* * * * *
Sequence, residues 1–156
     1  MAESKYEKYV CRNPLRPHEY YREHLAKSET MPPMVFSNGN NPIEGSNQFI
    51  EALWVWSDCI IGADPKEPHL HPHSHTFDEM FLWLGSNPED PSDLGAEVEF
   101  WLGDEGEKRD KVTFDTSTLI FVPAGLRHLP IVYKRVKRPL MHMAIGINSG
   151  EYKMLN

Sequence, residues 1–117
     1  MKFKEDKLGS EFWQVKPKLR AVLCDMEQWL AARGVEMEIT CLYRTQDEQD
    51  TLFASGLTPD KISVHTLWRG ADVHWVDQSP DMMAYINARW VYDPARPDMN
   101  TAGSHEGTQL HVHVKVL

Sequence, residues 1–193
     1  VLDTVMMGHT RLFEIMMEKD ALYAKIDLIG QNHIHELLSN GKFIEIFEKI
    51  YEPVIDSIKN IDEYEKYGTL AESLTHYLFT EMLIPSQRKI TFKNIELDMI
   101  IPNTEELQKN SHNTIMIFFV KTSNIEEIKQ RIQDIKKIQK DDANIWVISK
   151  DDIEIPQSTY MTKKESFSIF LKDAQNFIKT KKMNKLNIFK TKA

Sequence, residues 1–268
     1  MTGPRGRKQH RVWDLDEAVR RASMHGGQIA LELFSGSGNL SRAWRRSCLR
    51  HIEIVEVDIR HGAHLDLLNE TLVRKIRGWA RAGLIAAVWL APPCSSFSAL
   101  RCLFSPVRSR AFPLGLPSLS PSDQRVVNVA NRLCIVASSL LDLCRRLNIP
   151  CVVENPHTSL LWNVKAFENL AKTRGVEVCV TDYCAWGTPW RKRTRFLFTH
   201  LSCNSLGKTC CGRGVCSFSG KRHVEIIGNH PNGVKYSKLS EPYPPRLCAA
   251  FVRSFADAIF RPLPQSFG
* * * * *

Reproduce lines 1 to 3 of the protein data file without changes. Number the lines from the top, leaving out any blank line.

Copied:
Sequence, residues 1–156
     1  MAESKYEKYV CRNPLRPHEY YREHLAKSET MPPMVFSNGN NPIEGSNQFI
    51  EALWVWSDCI IGADPKEPHL HPHSHTFDEM FLWLGSNPED PSDLGAEVEF